An empty bowl means different things for different people. For some it’s a decoration, something to sit on a sideboard atop a doily as if waiting for fresh fruit —also a decoration for people of means. But for others —about a quarter of Troup County residents —it means something entirely different. It means a mouth that’s not being fed, a stomach that’s not being filled, and another day without food.
Hunger is just one of the difficulties people in the downward spiral of poverty face. Twenty-one percent of Troup County residents live below the federal poverty line of $25,100 a year for a family of four. That includes one in three children living in poverty. Circles of Troup County aims to change that.
Circles is a nationally recognized program that is set out to end poverty through community organizing, case management, goal setting, financial literacy, peer-to-peer counseling and learning, and youth development. The program is designed to help people in generational poverty to become self-sufficient.
Accepted participants into the program go through a 12-week class to teach financial literacy and set goals to get out of poverty.They are later matched up with an “ally” from the community who work with them to reach their goals and the groups continue to meet weekly, where volunteers provide a free meal and free childcare.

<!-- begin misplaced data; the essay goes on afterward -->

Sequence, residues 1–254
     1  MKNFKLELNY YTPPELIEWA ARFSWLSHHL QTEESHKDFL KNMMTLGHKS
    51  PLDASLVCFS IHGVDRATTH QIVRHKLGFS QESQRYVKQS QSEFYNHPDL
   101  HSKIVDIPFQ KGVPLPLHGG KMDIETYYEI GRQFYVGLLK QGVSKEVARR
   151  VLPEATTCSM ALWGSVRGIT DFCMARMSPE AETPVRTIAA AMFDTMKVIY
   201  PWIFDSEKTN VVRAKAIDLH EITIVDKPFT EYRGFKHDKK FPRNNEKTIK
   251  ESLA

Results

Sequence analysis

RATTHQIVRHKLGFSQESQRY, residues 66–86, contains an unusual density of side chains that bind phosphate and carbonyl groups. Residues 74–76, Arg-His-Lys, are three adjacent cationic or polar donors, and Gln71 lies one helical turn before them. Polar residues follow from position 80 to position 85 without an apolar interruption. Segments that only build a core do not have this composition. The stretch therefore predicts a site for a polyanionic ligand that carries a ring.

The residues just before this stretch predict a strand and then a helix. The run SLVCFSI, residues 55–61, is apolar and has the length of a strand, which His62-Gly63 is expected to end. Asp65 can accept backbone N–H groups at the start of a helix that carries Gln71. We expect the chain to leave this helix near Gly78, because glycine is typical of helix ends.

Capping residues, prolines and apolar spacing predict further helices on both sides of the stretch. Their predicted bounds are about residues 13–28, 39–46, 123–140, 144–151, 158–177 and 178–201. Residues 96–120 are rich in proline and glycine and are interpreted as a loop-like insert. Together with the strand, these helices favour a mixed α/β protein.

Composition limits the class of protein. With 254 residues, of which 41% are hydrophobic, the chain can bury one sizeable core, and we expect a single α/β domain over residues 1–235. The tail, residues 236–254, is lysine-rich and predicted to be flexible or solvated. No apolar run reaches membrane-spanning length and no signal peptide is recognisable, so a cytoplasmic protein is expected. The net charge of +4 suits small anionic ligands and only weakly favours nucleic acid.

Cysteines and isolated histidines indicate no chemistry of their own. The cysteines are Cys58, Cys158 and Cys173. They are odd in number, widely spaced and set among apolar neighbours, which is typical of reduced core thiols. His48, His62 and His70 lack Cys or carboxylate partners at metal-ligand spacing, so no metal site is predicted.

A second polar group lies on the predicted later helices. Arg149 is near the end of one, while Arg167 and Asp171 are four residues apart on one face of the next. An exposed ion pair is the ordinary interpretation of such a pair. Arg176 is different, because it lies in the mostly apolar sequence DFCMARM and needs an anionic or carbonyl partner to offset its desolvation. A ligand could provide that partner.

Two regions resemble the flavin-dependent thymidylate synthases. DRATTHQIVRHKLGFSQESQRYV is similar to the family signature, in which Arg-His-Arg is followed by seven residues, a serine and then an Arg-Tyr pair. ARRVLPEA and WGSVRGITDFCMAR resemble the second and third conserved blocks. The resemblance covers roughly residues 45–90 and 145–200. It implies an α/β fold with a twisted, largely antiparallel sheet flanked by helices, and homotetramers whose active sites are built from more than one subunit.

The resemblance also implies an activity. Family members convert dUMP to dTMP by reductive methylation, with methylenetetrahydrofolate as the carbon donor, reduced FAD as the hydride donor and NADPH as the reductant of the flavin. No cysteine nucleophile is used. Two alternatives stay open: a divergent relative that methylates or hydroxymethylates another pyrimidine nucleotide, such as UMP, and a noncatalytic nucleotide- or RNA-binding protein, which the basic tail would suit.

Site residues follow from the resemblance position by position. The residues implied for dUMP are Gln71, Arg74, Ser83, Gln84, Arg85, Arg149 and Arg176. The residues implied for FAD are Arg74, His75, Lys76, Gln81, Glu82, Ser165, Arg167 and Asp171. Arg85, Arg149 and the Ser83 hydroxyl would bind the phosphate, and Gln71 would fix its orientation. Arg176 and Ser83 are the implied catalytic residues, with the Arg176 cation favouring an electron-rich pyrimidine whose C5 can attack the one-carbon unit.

The weekly classes continue every Thursday with more education and planning as the participants move toward self-sufficiency and graduating from the program.
Thursday afternoon and evening, Circles of Troup County held their annual “Empty Bowls” fundraiser at Del’Avant in LaGrange. Attendees to the event were given a handmade ceramic bowl that they can take home, along with a portion of soup.
The bowls were made by hand by LaGrange College students, who m olded, decorated, glazed, and fired the one-of-a-kind items from start to finish, said Austin Wieland, professor of ceramics at La- Grange College. Wieland and his students made 300 bowls for the event.
Circles of Troup County Director Sherri Brown acknowledges that bowls are sort of a prize for attending the fundraiser event, which has become so popular that they now do a lunch and dinner service.
The unique bowls get some people to attend the event, but they also serve as a reminder at home that there are others where an empty bowls every day.
All proceeds from the event will to benefit Circles of Troup County and the services they provide.
To put it simply, Circles works.
“We see it every single week and every single month as people move forward, step by step, a little bit at a time, and make changes in their life,” said Brown.
“Poverty isn’t good. It’s not good for any of us. It’s not good for education. It’s not good for employers. It’s not good for housing.
It’s not good for individuals and it’s certainly not good for children.”
Participants in the program come in wanting to make a change, they just need some help along the way, which Circles and their volunteers provide.
About 39 percent of participants are out of poverty within 6 months. An astonishing 78 percent are out in 8 months. Circles participants have gone on to graduate college, finish nursing school, and even purchase their own house.
Circles of Troup County does what they do through volunteers and financial support from the community.
If you would like to volunteer or help support Circles, please visit their website at www.circlesoftroup. org or contact Sherri Brown at email@example.com or 706- 402- 6423.
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